- Improve and invest in delivering current TB tools. While new tools are urgently needed, we could go much further to prevent this frightening scenario if we improve access to and effective use of the tools we already have. For example, as the largest international funder of TB programs, the Global Fund to Fight AIDS, Tuberculosis and Malaria has already helped diagnose and treat 12.3 million people with TB. But the Global Fund has identified $241 million in quality TB program needs from countries that are unfunded due to lack of resources.
- Increase political support and financing for National TB Programs. Drug resistance is driven by another challenge that has largely been ignored: National TB Programs are drastically underfunded — with an estimated gap of at least $2 billion per year. Affected country governments and their political leaders must spearhead the fight against MDR-TB through increased financial and political commitments.
“This World TB Day, the potential catastrophic cost of inaction on TB should serve as a call to action. We must not be paralyzed by frightening projections, but rather emboldened to do much more to tackle this disease and reach all people who need treatment,“ said Joanne Carter, Executive Director of RESULTS Educational Fund, ACTION’s U.S. partner. “Policymakers should see this World TB Day report as an urgent warning to recommit to ending today’s TB epidemic before it becomes 2050’s much more deadly drug-resistant TB epidemic.”
ACTION is a global partnership of 10 advocacy organizations in donor and high burden countries working to influence policy and mobilize resources to fight diseases of poverty and improve equitable access to health services. ACTION’s priorities are ending the TB epidemic, and ending preventable child deaths.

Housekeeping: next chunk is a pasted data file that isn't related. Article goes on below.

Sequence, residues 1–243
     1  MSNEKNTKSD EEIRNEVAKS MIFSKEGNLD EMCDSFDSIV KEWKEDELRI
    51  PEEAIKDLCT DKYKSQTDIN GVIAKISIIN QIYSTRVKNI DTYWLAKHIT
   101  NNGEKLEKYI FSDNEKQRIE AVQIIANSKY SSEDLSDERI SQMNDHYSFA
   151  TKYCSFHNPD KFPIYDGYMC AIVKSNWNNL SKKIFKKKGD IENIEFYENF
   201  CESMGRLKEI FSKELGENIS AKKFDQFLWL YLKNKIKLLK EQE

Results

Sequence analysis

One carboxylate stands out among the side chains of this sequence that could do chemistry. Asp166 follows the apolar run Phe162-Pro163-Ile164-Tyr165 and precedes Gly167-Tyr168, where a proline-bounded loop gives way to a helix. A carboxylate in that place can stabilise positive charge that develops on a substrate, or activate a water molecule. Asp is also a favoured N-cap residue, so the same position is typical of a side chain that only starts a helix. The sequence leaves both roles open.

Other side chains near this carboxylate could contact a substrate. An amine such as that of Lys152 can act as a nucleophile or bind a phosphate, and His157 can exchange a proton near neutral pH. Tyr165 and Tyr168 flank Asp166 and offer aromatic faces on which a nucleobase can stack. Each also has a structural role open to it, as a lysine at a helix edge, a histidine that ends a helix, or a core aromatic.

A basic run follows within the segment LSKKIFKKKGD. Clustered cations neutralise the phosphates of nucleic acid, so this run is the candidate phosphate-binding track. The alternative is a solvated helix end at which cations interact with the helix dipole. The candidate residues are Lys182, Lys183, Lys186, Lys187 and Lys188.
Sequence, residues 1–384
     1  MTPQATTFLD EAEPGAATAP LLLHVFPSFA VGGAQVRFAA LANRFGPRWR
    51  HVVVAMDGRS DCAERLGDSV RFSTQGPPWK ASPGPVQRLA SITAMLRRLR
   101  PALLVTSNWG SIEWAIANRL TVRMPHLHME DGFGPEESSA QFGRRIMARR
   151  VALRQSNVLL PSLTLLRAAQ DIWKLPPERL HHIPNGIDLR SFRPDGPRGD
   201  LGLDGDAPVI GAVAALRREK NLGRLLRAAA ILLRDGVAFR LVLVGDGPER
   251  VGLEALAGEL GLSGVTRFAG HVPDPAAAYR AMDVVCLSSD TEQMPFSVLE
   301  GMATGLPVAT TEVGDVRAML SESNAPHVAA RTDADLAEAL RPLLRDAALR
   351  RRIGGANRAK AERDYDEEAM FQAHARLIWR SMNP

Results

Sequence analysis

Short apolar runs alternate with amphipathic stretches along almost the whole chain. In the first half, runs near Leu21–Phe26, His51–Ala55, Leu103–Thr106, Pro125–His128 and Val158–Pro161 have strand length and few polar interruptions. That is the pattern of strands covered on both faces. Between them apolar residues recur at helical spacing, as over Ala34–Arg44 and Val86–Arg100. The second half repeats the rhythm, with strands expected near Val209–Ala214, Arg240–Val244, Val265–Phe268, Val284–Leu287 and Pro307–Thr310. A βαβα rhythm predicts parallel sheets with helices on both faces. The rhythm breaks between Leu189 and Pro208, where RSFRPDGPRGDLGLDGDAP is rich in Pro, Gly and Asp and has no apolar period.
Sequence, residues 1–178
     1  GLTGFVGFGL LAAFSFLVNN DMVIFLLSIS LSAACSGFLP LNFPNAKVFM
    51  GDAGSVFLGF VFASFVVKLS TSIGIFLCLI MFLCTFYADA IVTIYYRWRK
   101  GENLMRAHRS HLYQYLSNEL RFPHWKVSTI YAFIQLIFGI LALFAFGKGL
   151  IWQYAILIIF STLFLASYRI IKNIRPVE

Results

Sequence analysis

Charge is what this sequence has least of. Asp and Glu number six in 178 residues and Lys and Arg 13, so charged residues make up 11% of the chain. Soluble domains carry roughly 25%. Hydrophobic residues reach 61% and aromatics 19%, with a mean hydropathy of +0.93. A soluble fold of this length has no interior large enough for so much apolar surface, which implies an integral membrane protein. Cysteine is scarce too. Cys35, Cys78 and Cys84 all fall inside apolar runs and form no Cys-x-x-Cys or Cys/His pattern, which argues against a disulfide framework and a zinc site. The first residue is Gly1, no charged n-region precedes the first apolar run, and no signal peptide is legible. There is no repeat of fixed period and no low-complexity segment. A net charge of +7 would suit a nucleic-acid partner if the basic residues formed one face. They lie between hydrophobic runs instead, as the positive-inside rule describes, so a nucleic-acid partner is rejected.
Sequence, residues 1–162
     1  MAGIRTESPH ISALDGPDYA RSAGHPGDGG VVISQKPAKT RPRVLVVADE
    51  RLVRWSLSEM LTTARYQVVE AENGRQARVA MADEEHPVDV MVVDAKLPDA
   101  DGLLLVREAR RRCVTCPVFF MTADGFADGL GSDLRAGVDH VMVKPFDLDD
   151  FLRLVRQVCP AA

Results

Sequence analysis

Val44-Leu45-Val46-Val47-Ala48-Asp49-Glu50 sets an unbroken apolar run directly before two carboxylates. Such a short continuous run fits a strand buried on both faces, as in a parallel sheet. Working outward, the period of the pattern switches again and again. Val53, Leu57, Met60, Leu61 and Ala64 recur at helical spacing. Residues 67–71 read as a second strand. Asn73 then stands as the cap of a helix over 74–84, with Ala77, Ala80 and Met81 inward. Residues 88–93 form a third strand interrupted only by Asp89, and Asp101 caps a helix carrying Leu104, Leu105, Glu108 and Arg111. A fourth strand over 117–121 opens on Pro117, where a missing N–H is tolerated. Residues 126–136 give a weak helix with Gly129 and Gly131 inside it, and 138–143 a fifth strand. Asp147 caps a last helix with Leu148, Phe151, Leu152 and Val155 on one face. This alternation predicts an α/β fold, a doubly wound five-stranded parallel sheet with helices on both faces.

About RESULTS and RESULTS Educational Fund
RESULTS and RESULTS Educational Fund are sister organizations that, together, are a leading force in ending poverty in the United States and around the world. We create long-term solutions to poverty by supporting programs that address its root causes — lack of access to health, education, or opportunity to move up the economic ladder. We do this by empowering ordinary people to become extraordinary voices for the end of poverty in their communities, the media, and the halls of government. The collective voices of these passionate grassroots activists, coordinated with grass-tops efforts driven by our staff, leverage millions of dollars for programs and improved policies that give low-income people the tools they need to move out of poverty.
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 The economic and mortality modelling, which was calculated by auditors KPMG, modelled a scenario that doubled current infection rates for TB and an absolute increase in current rates of resistance by 40 percent. For more information on methodology see: https://www.kpmg.com/UK/en/IssuesAndInsights/ArticlesPublications/Documents/PDF/Issues%20and%20Insights/amr-report-final.pdf